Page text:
Anyhoo, the biggest problem is the non-arrival of the pie. Again, a slightly less than placating explanation. "Oh yeah, that. I forgot to put the order in to the kitchen." Do we want something else? No, not really. The pie takes 12 minutes and is richly flavoured and (hurrah) piping-hot. What's it's not is a pie. Another cardboard box, with a cake liner, some stew and a postage stamp of pastry resting on top.

Despite being a carbfest, the erratic delivery and quality means we have space for pudding, and order a sweet-potato brownie and a potato-bread-and-butter pudding. Again lukewarm, with a tiny tepid puddle of custard, but both taste delicious and are imaginative uses of the ubiquitous ingredient.

This is all a big fat shame. I wanted comfort and casualness – but is it too much to ask that the right food, at the right temperature, comes at the right time? A manager (I hesitate to call him Mr Potato Head, but he seems to be running things) comes over to check on us. By then we've paid (the bill includes the late "pie" affair) and are shrugging our coats on. But people are arriving all the time, so perhaps our reaction isn't important.

Sorry, I know this is obvious, but The Potato Merchant is a Spud I Don't Like.


The Potato Merchant, 55 Exmouth Market, London EC1 tel: 020 7837 0009.£40 for two, including soft drinks

Three more specialisation sensations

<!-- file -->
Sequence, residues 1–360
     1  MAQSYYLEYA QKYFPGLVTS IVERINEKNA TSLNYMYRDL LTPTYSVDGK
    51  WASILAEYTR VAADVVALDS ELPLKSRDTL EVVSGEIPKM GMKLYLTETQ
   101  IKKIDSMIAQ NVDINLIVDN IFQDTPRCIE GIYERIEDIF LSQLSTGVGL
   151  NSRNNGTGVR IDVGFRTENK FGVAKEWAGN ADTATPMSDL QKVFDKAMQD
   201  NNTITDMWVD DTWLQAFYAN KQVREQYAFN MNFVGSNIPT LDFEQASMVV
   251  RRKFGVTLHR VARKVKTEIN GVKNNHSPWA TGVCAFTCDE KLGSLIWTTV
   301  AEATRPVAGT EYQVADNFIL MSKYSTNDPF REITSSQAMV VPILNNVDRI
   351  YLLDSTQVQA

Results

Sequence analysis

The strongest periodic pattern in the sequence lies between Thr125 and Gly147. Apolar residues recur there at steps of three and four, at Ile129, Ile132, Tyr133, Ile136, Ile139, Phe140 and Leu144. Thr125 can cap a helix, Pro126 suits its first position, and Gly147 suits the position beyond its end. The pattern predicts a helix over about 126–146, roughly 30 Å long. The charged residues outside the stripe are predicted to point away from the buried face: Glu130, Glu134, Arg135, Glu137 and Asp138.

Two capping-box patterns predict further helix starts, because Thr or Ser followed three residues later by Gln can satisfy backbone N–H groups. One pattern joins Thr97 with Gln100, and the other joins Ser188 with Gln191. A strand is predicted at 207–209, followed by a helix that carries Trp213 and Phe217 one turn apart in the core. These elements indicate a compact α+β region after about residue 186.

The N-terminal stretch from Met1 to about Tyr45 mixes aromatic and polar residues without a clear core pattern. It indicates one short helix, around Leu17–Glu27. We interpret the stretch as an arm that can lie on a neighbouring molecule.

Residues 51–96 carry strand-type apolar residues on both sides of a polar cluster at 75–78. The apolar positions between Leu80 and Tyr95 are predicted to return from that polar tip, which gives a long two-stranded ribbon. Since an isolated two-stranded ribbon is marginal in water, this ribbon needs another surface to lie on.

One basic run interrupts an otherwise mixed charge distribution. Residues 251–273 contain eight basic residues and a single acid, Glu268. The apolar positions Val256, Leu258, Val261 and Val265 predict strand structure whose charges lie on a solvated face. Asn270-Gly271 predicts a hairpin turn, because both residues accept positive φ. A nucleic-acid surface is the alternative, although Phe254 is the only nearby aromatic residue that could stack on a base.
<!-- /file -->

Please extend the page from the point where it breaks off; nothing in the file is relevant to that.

Burger & lobster

This buzzing newcomer serves succulent lobster and great burgers. Go early or be prepared to queue. Four branches, see for details


The best steaks in London, say fans of these zero-frills bistros, in Olympia and Putney. Well-priced wines, too. See for details


A Soho newcomer whose noodle dishes are a cut above a large chain beginning with "W". 63 Dean St, London W1, tel: 020 7437 0071,

Reviews extracted from 'Harden's London and UK Restaurant Guides 2013',

Suggested Topics
Life and Style
ebookNow available in paperback
ebookPart of The Independent’s new eBook series The Great Composers
  • Get to the point
Latest stories from i100
Have you tried new the Independent Digital Edition apps?
Independent Dating

By clicking 'Search' you
are agreeing to our
Terms of Use.

ES Rentals

    iJobs Job Widget
    iJobs Food & Drink

    Guru Careers: MI Developer

    £35 - 45k: Guru Careers: An MI Developer is needed to join the leading provide...

    Recruitment Genius: Fitness Manager

    £20000 - £22500 per annum: Recruitment Genius: This leisure organisation manag...

    Recruitment Genius: Visitor Experience Manager

    £25000 - £28000 per annum: Recruitment Genius: Delivering an inspiring, engagi...

    Recruitment Genius: Learning Team Administrator

    £17500 - £20500 per annum: Recruitment Genius: They are looking for a great te...

    Day In a Page

    General Election 2015: Chuka Umunna on the benefits of immigration, humility – and his leader Ed Miliband

    Chuka Umunna: A virus of racism runs through Ukip

    The shadow business secretary on the benefits of immigration, humility – and his leader Ed Miliband
    Yemen crisis: This exotic war will soon become Europe's problem

    Yemen's exotic war will soon affect Europe